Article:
EDITORIAL : Suicide is a monster we must confront

SUICIDE is a topic that has been taboo for many years.

However, in recent times, it has become a major topic of discussion, especially given the increasing rate of suicide cases countrywide.

It’s especially disconcerting to know that even those who are supposed to provide spiritual and emotional support to others, especially the clergy, are not immune to this unfortunate trend.

The question now is — what do ordinary people do when those who should be counselling them are taking their own lives?

Suicide has become a growing concern and, sadly, it’s now common not just among ordinary people but even the religious leaders.

Just last week, United Methodist Church senior pastor, Reverend Oscar Mukahanana, took his life after being caught in an adulterous affair with a female congregate.

His suicide was just one of many among pastors and church leaders who have found themselves unable to cope with the stresses that come with such positions.

An audio conversation of Rev Mukahanana and the woman, after their sexual encounter at a lodge, was leaked onto the church’s WhatsApp group.

Rev Mukahanana just couldn’t bear the shame and decided to take his own life.

He ingested rat poison at a lodge in Eastlea where his body was found.

His action shows that religious leaders face unique challenges that can increase their risk of suicide.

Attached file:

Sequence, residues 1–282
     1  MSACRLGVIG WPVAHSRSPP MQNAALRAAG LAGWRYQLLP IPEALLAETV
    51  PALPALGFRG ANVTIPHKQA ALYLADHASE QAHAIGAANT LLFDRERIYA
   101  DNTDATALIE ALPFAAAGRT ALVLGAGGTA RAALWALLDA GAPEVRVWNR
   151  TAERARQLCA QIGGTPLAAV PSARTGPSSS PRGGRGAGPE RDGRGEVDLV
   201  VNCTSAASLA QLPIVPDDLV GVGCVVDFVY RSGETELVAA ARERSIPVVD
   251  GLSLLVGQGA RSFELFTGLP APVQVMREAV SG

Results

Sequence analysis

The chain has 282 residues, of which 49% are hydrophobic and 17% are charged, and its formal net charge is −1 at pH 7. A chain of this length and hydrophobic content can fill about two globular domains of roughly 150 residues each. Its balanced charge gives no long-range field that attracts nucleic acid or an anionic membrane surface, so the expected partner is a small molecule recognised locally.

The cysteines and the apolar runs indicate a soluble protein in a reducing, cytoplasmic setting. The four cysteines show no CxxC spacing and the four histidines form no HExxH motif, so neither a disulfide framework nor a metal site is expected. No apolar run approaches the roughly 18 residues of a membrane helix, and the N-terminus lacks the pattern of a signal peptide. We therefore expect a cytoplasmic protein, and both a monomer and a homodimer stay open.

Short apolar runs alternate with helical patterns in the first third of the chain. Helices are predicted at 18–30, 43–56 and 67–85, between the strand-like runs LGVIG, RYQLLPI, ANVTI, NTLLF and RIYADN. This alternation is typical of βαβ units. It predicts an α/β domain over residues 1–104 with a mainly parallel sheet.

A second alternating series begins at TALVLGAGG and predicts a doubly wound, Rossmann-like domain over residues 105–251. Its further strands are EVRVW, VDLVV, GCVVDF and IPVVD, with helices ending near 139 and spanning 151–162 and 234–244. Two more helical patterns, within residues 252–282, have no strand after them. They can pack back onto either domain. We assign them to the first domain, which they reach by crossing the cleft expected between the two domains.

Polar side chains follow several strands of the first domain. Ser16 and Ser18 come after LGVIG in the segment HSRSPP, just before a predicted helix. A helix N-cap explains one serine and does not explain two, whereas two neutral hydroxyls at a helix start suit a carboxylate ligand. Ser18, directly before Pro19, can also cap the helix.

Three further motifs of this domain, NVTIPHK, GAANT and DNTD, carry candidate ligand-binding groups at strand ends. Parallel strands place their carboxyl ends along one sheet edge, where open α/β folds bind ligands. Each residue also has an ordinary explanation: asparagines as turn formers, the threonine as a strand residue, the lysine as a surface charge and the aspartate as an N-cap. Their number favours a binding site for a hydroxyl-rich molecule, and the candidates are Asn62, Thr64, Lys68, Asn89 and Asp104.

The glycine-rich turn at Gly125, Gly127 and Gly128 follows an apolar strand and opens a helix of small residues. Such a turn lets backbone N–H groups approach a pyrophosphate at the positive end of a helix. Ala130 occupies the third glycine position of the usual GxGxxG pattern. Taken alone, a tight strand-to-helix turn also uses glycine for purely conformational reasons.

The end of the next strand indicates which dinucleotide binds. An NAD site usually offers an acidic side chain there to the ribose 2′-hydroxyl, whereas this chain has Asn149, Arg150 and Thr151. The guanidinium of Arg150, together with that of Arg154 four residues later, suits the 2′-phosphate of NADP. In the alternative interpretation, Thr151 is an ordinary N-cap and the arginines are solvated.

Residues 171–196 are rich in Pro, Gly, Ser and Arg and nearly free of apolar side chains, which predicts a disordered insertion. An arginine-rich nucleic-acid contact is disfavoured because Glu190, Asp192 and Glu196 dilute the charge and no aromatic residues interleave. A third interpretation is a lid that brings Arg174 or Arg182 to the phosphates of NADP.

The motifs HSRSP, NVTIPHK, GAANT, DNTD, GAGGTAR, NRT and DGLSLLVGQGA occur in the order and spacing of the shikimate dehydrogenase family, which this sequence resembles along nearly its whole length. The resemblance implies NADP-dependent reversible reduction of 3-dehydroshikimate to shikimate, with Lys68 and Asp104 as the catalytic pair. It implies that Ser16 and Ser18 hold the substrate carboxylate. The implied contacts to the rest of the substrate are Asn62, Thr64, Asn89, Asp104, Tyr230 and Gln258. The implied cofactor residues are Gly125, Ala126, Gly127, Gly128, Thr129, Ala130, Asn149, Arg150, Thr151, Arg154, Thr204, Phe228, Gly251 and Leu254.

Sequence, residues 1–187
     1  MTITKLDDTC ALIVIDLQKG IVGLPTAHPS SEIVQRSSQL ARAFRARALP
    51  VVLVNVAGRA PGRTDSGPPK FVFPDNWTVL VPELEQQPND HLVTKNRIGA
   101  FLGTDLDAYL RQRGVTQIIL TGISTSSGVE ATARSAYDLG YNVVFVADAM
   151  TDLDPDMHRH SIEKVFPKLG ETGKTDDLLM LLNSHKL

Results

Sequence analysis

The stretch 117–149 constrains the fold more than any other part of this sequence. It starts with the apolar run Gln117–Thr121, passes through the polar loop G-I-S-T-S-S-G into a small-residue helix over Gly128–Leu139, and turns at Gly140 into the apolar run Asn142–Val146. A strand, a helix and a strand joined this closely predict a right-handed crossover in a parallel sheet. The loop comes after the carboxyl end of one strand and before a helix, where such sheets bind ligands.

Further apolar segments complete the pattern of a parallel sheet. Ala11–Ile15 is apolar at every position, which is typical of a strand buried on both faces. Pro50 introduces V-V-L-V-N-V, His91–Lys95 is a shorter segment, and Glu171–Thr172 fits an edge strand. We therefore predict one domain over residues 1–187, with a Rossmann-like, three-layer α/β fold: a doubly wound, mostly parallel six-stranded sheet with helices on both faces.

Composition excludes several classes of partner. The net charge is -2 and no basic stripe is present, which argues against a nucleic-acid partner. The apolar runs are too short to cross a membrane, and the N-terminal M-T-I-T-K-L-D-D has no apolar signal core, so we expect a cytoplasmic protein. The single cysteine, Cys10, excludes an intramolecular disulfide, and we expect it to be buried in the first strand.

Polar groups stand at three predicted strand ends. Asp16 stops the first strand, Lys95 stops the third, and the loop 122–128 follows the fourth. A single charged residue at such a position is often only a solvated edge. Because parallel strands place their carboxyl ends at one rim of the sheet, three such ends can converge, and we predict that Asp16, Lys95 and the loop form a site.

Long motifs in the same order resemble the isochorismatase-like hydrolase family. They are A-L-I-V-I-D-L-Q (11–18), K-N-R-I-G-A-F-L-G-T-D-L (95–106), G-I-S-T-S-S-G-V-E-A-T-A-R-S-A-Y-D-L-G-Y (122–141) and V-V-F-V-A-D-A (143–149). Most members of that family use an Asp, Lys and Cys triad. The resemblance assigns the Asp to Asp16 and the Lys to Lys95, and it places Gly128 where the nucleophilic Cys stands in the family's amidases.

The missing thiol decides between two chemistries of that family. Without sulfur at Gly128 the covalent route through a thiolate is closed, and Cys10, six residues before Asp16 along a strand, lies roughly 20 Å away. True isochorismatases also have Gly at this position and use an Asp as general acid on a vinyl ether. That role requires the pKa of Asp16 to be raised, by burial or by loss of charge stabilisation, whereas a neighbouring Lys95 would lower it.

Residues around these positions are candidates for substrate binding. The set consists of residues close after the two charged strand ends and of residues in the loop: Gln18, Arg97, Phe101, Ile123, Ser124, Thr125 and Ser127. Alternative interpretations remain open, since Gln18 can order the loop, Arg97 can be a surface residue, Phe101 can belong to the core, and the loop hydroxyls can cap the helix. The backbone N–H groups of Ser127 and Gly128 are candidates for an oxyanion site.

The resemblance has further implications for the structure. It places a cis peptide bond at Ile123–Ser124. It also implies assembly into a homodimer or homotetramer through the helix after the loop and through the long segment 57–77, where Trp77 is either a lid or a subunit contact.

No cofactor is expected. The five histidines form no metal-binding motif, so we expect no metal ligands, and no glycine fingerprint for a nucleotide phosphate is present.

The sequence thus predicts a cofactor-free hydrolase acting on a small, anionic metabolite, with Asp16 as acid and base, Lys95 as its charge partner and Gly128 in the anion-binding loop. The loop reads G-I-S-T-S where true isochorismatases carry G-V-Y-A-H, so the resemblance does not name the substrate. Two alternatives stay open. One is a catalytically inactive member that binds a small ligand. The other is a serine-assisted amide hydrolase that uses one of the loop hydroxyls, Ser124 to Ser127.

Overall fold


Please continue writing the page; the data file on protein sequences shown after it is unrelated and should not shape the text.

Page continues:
They often find themselves in positions where they are expected to have all the answers, provide support and guidance to their congregations, and cope with the pressures of leadership.

Additionally, many people tend to put pastors and other religious leaders on a pedestal, expecting them to be perfect.

This can lead to isolation when they struggle with personal issues, which can be further exacerbated by the lack of training on mental health issues.

For instance, there are relatively no local seminaries or theological institutions that offer courses in psychology or counselling. In many cases, suicide may be traced to mental illnesses such as depression, anxiety and bipolar disorder.

So, what can ordinary people do when those supposed to counsel them are suffering from similar struggles?

The first step is to understand that they are also human beings and can face difficult times like everyone else.

As such, we should be empathetic and offer our support wherever we can.

It’s also important that religious leaders start openly discussing mental health issues and seeking help when necessary.

Therefore, one of the ways people can help is by creating a stigma-free environment that encourages open dialogue about mental health issues.

This can mean getting involved in mental health awareness campaigns at religious institutions and supporting counselling services.

It is essential that pastors and other church leaders know they can seek professional counselling when they require it.

Congregations also need to create support networks that extend beyond the pastor or clergyman.

This could include trained peer counsellors or connecting with mental health experts in the community.

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